Op-Ed: When Did Public Safety Become Partisan??

LOS ANGELES, CA – The 2021 California Legislative Session ended with 2,776 bills and resolutions having been authored across both legislative houses, with 917 of those submitted being chaptered to become law. At 71, less than 3% of the bills submitted, had some reference to the subject of peace officers and public safety. 13 of those 71 bills (including the resolution for California Public Safety Telecommunicators Week) actually saw the Governor’s signature approving the legislation.

The overwhelming majority of those public safety bills are being passed without any bi-partisan support. However, another telling observation is the fact that on a good number of those bills, a number of legislators chose to have no vote recorded. While that could be for any number of possible reasons, it would be difficult to ignore the fact that legislators can be finding themselves being put between rock and a hard place as the majority party is enacting policy to no longer accept money from law enforcement.

For the majority party to unilaterally disengage from receiving contributions of law enforcement is tantamount to telling them that the doors of dialogue are in essence closed. To shut them out of the discussion in offering constructive feedback and ending a mutually supportive partnership does very little to advance the pursuit of social justice reform in any meaningful way. Perhaps for too long one party has become so accustomed to steamrolling over voices seeking to sound a signal of caution on a litany of public policy decisions, which have only put the public in peril, and that this same party sees no concern in silencing some of the most significant stakeholders who could contribute to substantive solutions.

The result of this action is to say that this same majority party really has no desire to hear what law enforcement has to say on issues of profound legislative importance. With that being the case, law enforcement may have to make some very drastic decisions. Certainly, at a minimum, there is a need to address the perception perspective and invest on reframing the narrative. Particularly relevant would be to ensure that the public sees this action by the majority party to be a step in the wrong direction. A step that is seen to be yet another taken on the pathway of broken public safety policy and that only serves to further destroy the path with evermore destructive and divisive partisanship.



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Rather than using the power of a super majority to advance unity in problem solving on a plague of rising crime sweeping the state, the action taken was to widen the divide and cut communication. If the prominent political party of the state is unwilling to facilitate communication, then it would not be surprising, and in fact it would be entirely justifiable, to see county sheriffs and law enforcement officials using their bully pulpits to take their messages straight to constituents.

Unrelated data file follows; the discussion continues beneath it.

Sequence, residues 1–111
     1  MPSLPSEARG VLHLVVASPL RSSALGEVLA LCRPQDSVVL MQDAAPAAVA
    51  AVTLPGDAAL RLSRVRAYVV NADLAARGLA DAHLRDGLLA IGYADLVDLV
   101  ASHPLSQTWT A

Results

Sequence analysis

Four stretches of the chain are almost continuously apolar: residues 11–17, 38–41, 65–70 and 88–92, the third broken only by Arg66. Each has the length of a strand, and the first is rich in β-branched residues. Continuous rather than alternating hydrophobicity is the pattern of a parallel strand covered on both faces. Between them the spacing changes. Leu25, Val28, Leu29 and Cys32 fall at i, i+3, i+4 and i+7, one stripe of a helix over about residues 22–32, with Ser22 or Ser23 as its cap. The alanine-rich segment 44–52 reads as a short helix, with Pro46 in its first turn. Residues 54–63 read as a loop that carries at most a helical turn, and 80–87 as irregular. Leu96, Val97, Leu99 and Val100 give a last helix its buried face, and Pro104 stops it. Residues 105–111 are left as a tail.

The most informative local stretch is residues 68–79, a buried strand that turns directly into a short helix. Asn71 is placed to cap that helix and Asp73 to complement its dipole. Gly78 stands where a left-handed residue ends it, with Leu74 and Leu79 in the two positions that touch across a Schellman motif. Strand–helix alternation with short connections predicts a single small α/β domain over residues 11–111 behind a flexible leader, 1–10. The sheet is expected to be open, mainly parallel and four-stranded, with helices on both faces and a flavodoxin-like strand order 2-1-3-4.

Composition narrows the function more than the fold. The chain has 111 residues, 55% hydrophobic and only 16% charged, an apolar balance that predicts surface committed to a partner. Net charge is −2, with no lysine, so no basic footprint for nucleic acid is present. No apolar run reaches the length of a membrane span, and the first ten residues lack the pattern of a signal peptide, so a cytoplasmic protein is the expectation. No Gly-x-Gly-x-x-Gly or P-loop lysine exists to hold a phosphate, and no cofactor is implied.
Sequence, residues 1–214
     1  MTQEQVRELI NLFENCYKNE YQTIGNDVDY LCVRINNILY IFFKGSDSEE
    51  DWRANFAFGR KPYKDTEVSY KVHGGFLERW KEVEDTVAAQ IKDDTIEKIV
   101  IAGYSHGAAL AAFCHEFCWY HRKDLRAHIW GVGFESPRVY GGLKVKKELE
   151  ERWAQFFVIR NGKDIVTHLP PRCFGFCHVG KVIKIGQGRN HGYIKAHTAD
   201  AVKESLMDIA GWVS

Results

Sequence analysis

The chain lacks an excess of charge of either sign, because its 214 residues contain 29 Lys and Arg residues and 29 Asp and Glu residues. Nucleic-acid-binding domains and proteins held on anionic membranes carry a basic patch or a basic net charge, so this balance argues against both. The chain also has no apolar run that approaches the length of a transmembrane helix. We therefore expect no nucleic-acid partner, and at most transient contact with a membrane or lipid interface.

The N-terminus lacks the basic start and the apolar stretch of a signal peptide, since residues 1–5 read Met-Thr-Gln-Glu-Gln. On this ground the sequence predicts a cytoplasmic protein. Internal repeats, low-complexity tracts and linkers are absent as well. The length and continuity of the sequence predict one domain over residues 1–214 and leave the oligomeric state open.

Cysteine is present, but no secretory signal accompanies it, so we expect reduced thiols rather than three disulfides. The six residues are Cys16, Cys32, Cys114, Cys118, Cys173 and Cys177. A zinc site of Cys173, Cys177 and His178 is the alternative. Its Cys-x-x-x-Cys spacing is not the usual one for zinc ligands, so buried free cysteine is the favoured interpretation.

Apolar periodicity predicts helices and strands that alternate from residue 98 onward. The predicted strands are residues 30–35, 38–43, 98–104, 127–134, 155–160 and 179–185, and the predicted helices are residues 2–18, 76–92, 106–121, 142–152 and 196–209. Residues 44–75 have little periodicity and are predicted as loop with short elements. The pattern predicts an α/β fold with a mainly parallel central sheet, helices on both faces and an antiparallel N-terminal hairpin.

For over a decade, disastrous policies on substance abuse, “petty” crime, criminal activity by the homeless against other members of the unhoused community, increases in gang associations, and rising cases of violent juvenile offenders have been putting the people of California in greater danger. Yet, rather than letting the facts speak from themselves, politicians with radical agendas distort the data through pretzeled and contortionist attempts trying to get it to say what they think supports their position, while often contradicting themselves in the process.

Such a contradiction is oftentimes responsible for the role of law enforcement being ignored in the arena of public safety legislation at the Capitol. The result is to only see pushed further failed policies.

In response, more and more cities are seeing non-partisan city councils having to take matters into their own hands. The result being it more commonplace for them to address the concerns of their residents with local ordinances and resolutions. In fact, over the past several months, 31 cities of Los Angeles County have even taken votes of No Confidence against the dangerous directives of DA George Gascon that undermine public safety; and in San Francisco residents have collected enough signatures to get the recall of DA Chesa Boudin on a ballot before voters.

Such actions by communities may start a series of questions as to whether the majority party’s decision to sever the ties of financial contributions from law enforcement may not be met with a backlash. If the party does not have a desire to build bridges with law enforcement, nor promote community conversation with them, then at what point might those communities realize that the problem is not with law enforcement, but rather with the party and the politicians preventing problems from getting solved? And then the question will be whether that realization actually promotes change by the people? Perhaps 2022 will provide the answers.

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